Wedding Dress Silhouettes Through the Years

More From Biltmore 03/07/16

Written By Sharon Bell

For many brides, their wedding dress is the most poignant symbol of their marriage, woven with symbolism and tradition as well as fashion and style. During the Fashionable Romance: Wedding Gowns in Film exhibition, we are thrilled to offer our guests a glimpse into bridal fashion spanning the 1700s to 1930s, showing how historic trends still influence today’s brides.

All of the costumes seen in Fashionable Romance were designed and made for the screen, but still adhere closely to the period they represent. Each was designed by Cosprop, a well-known design house that prides itself on authenticity, accuracy, and detail in recreating exquisite costumes. From dramatic full skirts of the 1700s, to sleek and slim fashion silhouettes of the 1930s, the gowns exhibited in Biltmore House tell a story of evolving styles and tastes.

One of the most intricate gowns displayed is the dress worn by Keira Knightley as Georgiana Cavendish in the 2008 film, The Duchess; designer Michael O’Connor won an Academy Award for Best Costume Design for his work in the film. This dress is an excellent illustration of a ormal dress in 1700, with a wide silhouette and full skirtheld out horizontally by panniers or hooped petticoats. In this film, the Duke of Devonshire is seen cutting the wedding dress from his new Duchess, which is accurate for this era, as many brides would be sewn into their dresses.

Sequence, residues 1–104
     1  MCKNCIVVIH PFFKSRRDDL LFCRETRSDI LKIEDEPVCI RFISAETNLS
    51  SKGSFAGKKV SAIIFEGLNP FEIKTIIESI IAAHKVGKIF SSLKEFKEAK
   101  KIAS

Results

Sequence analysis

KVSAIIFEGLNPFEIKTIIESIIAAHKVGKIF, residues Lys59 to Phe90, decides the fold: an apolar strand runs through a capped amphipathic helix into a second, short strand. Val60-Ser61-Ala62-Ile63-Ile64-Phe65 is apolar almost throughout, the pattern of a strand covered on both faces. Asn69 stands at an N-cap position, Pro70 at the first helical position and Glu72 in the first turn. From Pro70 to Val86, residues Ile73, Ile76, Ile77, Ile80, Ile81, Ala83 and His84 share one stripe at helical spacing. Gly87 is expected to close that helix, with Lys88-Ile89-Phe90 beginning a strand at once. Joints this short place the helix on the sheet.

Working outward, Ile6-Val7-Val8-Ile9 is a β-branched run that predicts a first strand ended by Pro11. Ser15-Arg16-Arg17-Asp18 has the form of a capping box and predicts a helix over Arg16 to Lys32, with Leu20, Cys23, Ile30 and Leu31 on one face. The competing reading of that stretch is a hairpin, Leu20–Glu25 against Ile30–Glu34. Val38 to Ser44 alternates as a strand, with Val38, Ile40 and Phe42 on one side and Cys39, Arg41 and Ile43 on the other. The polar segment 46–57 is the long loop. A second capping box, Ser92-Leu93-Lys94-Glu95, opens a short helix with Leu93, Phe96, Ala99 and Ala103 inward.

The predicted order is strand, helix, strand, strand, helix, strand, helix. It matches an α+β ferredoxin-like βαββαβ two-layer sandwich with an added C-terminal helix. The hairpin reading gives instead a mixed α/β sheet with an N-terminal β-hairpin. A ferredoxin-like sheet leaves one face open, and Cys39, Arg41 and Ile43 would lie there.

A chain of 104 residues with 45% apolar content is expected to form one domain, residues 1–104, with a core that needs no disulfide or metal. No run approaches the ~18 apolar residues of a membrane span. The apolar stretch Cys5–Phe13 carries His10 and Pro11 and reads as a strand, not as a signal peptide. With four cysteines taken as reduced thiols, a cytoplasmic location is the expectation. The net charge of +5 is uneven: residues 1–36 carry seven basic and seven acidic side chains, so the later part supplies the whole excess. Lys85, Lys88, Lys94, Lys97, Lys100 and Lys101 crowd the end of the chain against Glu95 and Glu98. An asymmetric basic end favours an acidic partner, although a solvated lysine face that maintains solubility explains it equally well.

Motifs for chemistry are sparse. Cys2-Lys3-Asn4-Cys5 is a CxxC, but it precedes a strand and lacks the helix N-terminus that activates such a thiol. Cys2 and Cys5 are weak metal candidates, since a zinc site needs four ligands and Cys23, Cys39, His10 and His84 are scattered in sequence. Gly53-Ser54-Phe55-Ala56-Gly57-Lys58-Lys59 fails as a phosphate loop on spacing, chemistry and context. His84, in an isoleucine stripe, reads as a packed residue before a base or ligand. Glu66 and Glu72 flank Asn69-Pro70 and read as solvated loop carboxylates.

Well into the 1800s, the average women’s wedding dress was simply her best dress and it wasn’t until later that the white wedding dress became standard fare. During this time, dress silhouettes became slimmer and empire waistlines were popular. The gowns worn by the Dashwood sisters in the 1995 film, Sense and Sensibility are very different yet accurate to each woman’s status. Emma Thompson, playing Elinor Dashwood, wears a simple muslin dress and crushed velvet spencer jacket in her marriage to the refined but poor minister, Edward Ferrars, played by Hugh Grant. It’s a clear contrast to her sister’s marriage into wealth, in which Kate Winslet as Marianne Dashwood wears a detailed beaded gown with a full length petticoat. (Reference the photos on the far left and far right in the above graphic to compare.) 

In the late 1800s and early 1900s, small waists were the desired look; to achieve this, corsets were commonly worn to draw in the stomach paired with frills on the bodice. High necklines and collars were popular, as represented by the gown from the 1996 Hamlet worn by Julie Christie, displayed in Mrs. Vanderbilt’s Bedroom.  Brides during this period also favored veiled hats and long trains—styles that are beginning to resurface in today’s bridal fashions.

Dress silhouettes evolved quickly in the 1900s, with hats and practical garments that could be useful after the ceremony becoming more standard due to wartime restrictions. The dress worn by Meryl Streep as Karen Blixen in the 1985 film Out of Africa was a simple suit and hat, rather than a full-length dress and veil.

Today, we see brides at Biltmore wearing a wide array of gowns with details inspired by trends that have evolved over centuries. Biltmore is a timeless setting for a timeless ceremony, and we love to see each beautiful bride unique style shine during their special day.


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